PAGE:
Chapter XX - Koran - First Source
The word “Koran” is derived from the Arabic kara'a. i.e to read to recite. It is designated “al-Furqan” (the distinguisher), Kalamul-lah (the word of God), the Kitab (the book), Nur (the light) and al-Huda (the guidance). It has a large number of other names, some mentioned in the Koran itself and others given Muslims. The Koran is held in the greatest respect by all sects of Islam. It is never touched without ablution performed beforehand. it is considered the eternal miracle of Islam, as the expounder of the most sublime truth; as superior to what was laid down by all past religions as the best guide for seeking God and for obtaining emancipation; the perfection of all moral codes; as the word of God, uncreated in its origin and existing before being conveyed to the Prophet; as noble and complete in itself. It has been revealed in parts at different times during a period of twenty-three years, as necessity demanded it. Some chapters were revealed in complete form; others in portions. It was divided into thirty parts, containing 114 chapters, known in Arabic as Suras,, were very long and others very brief. The chapters were arranged under the personal direction of the Prophet, who used to ask the scribe present to insert revealed passage in a particular chapter and before or after a particular verse of the chapter. It was neither arranged in chronological order not at random, but as commanded by the Prophet himself. Order of Abu Bakr, a copy of the Sacred Book having been left in the custody of Hafsa, the widow of the Prophet and daughter of Omar, the second Khalifa. The third Khalifa, Osman, ordered the revision and comparison of the various fragments in the possession of different people with the original copy, and the arrangement of the whole -Sacred Book into its chapters under the supervision of the following experts: -
- Zaid ibn Thabit, who also was the first compiler.
- 'Abdullah ibn Zubair
- Sa'id ibn Al-As.
- 'Abdul-Rahman ibn Haris.
With the exception of the first, the other three belonged to the Koraishite tribe. The work was complete. The work of compilation was first undertaken by after careful scrutiny and comparison with other fragments and presented to the Khalifa who caused a number of copies of it to be made and sent to the different centres of Islam, and these became texts for all subsequent copies of the Holy Book. The fragments in possession of different people were recovered and burnt. As a number of companions such as 'Abdullah ibn Mas'ud; Salim: 'Ali (the fourth Khalifa); Mu'az ibn Jabal; Ubayy ibn Ka'b; 'Abdullah ibn Omar, had committed the whole Koran to memory and a large number had each got by heart a big portion of it, hardly any difficulty was experienced in the matter of securing a correct text or in arranging it as required. The Prophet used to encourage his companions to write and learn the text of the Suras by heart. The attachment of the Muslims to the Sacred Book is so great that it has retained its purity, without the least change, for the last one thousand, three hundred and eighty years. Its contents were revealed in the Meccan dialect of the Koraish, and the object of ‘Osman was to make people read it in this self-same dialect.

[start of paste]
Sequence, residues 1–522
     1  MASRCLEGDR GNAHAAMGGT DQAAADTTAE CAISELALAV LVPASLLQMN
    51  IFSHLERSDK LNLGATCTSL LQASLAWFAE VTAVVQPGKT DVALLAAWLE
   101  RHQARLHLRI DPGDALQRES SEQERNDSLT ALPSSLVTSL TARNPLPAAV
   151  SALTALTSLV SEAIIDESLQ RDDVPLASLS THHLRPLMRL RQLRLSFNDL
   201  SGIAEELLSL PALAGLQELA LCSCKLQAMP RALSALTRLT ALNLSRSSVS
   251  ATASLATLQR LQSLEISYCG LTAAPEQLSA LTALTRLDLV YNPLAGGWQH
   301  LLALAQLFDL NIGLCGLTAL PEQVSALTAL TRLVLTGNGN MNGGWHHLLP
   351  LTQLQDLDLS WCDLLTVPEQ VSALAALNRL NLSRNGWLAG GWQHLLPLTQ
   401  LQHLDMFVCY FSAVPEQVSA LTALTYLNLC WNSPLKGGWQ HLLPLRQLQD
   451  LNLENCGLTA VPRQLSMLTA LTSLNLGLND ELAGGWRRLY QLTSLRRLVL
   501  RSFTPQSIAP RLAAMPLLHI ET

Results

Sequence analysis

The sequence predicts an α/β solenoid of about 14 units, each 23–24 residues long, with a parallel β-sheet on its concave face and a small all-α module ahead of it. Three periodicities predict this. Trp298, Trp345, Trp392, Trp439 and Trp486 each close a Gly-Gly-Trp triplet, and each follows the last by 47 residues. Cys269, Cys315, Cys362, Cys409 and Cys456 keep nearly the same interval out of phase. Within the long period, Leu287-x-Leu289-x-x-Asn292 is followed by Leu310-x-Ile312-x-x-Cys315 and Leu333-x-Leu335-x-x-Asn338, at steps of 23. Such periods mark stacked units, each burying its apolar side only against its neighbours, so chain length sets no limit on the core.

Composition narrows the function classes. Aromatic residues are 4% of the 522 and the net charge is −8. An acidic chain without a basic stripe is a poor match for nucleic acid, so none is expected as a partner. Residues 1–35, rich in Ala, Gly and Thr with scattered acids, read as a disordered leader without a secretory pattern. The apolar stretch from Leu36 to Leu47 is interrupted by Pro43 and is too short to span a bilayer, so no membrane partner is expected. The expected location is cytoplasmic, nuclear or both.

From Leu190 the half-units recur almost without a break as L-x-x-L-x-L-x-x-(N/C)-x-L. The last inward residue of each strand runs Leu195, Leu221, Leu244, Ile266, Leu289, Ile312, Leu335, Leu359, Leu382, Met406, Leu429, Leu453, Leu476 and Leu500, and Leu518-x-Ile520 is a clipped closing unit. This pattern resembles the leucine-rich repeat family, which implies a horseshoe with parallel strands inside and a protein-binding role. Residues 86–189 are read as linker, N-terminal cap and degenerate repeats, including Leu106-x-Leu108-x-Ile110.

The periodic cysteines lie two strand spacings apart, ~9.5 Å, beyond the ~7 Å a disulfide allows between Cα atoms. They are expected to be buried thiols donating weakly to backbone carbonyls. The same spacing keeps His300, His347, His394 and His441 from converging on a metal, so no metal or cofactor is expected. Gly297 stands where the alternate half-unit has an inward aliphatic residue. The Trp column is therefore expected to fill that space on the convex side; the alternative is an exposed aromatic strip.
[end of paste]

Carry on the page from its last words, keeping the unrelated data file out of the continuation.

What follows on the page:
A Muslim believes in the Koran as the word of God uttered in a manner which is unsurpassable in the beauty of its language and in the declaration of the truth of the doctrines inculcated by it. Non-Muslim writers and critics in Europe are unanimous in admitting its high literary merit. George Sale, whose translation of the Koran is well known, writes:-
"So strongly captivating to the minds of his audience that several of his opponents thought it to be the effect of witchcraft and enchantment.
"Omar the second Khalifa, before embracing Islam,. was an opponent of the Prophet; and once he left his place with the intention of killing him. On his way he met his own sister, who had embraced Islam, and found her reading some passages from the Koran. He took these passages and read them, and was so much affected them that he immediately became a Muslim.
In describing the great world Flood (Deluge), the passages in the Koran describing it became extremely figurative and sublime. According to Arab writers on rhetoric, the following few lines taken from these passages contain twenty-three figures or speech in them. These lines cannot, for obvious reasons, retain their original beauty in the translation offered here: -
"And the ark moved in with them amid waves like mountains. and Noah called out to his son (when) he was apart. 'O my child! Embark with us, and be not with unbelievers’. He said “I will betake myself to a mountain, that shall save me this day form God's decree, save him on whom he shall have mercy, and a wave passed between them and he (the son) was drowned and it was said (by God); 'O Earth! Swallow down the water and O Heaven! Withhold thy rain; and the water abated and God’s decree was fulfilled and the ark rested on al-Judi (a mountain)"